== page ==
Whitefield’s Sin Exposing Spotlight
Whitefield was convinced that any presentation of the gospel must begin by exposing the listener’s sin and his dire need for salvation. This necessitated the preacher’s confronting his hearers’ rebellion against God and warning of the eternal consequences of their rejection. Whitefield plainly understood that none rightly desire the gospel of Christ until they know of their own condemnation before God. Whitefield preached those truths that reveal sin, namely, the holiness of God, the fall of Adam, the demands of the law, the curse of disobedience, the certainty of death, the reality of the final judgment, and the eternality of punishment in hell.
When addressing the unregenerate masses, Whitefield sought to ensure that their depravity was fully laid bare. Martyn Lloyd-Jones aptly stated, “No man could expose the condition of the natural unregenerate heart more powerfully than George Whitefield.” Only when confronted with their sinfulness, Whitefield insisted, would unbelievers seek to embrace Christ as their Savior and Lord. He peeled back the outer layers of people’s self-righteousness in order to bring about self-awareness of their sinful hearts.
The work of evangelism mandated that he address the eternally devastating effects of sin in his preaching. Whitefield, like a watchman on the tower, warned of sin, death, and judgment. He sought to disturb his listeners with their lost condition before a righteous Judge in heaven. “The sin of your nature, your original sin, is sufficient to sink you into torments, of which there will be no end,” he preached. “Therefore unless you receive the Spirit of Christ, you are reprobates, and you cannot be saved.” He believed the lost must be driven to the brink of utter desperation before they will come to faith in Christ.
Whitefield was a master at sweeping away all useless rhetoric in order that the unconverted would recognize their desperate need to repent. He implored them, “You are lost, undone, without Him; and if He is not glorified in your salvation, He will be glorified in your destruction; if He does not come and make His abode in your hearts, you must take up an eternal abode with the devil and his angels.” None who heard Whitefield were put to sleep with a false sense of security.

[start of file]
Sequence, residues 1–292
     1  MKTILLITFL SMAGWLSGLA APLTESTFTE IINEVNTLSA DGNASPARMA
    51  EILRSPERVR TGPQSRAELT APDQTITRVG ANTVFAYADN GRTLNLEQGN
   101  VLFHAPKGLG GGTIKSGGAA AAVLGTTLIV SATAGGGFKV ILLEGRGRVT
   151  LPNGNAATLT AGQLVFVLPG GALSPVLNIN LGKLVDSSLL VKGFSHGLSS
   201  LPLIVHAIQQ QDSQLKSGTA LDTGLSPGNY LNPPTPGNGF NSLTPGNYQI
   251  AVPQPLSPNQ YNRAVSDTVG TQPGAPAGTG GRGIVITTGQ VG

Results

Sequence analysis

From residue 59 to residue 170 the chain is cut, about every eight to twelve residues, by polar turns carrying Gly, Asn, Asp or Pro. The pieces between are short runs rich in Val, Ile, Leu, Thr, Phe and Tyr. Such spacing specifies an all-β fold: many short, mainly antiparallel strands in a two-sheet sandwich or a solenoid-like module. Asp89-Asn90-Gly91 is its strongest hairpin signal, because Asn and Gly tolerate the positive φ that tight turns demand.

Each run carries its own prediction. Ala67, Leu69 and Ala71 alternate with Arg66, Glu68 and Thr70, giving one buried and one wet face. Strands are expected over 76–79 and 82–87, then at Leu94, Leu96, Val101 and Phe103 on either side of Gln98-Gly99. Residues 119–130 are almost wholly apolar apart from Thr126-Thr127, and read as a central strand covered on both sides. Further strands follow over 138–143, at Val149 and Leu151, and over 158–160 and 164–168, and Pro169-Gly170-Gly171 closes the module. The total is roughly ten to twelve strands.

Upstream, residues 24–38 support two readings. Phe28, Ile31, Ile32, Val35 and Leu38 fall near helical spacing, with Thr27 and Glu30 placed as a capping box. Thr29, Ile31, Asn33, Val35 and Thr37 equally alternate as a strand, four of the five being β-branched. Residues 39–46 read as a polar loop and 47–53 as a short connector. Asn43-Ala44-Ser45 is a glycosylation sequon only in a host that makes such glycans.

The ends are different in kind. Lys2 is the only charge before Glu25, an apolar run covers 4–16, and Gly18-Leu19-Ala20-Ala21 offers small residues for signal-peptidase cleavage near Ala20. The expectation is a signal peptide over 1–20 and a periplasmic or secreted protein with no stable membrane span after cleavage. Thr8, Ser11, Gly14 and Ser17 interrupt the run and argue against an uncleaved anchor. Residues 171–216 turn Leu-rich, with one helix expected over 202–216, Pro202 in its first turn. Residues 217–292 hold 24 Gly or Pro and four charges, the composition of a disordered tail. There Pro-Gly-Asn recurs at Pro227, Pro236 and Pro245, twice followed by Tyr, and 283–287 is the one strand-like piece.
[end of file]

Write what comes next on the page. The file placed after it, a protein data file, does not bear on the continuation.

Pointing back to Adam’s transgression, Whitefield emphasized that all are born with an inherited sin nature from the first man. He declared, “We all stand in need of being justified, on account of the sin of our natures: for we are all chargeable with original sin, or the sin of our first parents.” It was this strong belief in original sin and total depravity that caused his every sermon to drive his listeners to grasp a sense of their desperate condition in sin. All humanity is born spiritually dead, he believed:
Can you deny that you are fallen creatures? Do not you find that you are full of disorders, and that these disorders make you unhappy? Do not you find that you cannot change your own hearts? Have you not resolved many and many a time, and have not your corruptions yet dominion over you? Are you not bondslaves to your lusts, and led captive by the devil at his will?
Whitefield’s sermons were filled with vivid warnings of the horrific dangers of remaining in a state of sin. In his sermon “Walking with God,” he warned that hell may be but one step away for them: “For how knowest thou, O man, but the next step thou takest may be into hell? Death may seize thee, judgment find thee, and then the great gulf will be fixed between thee and endless glory for ever and ever. O think of these things, all yet that are unwilling to walk with God. Lay them to heart.” Whitefield understood that gospel preaching must include the threat of hell, which is intended to drive men to flee to Christ and escape His terrors.
By such strong statements, Whitefield shined a sin-exposing spotlight into the dark crevasses of depraved hearts. Only then would sinners flee to the foot of the cross of the Lord Jesus Christ to hear about a Savior who died for their guilty souls.
This excerpt is taken from The Evangelistic Zeal of George Whitefield by Steven Lawson.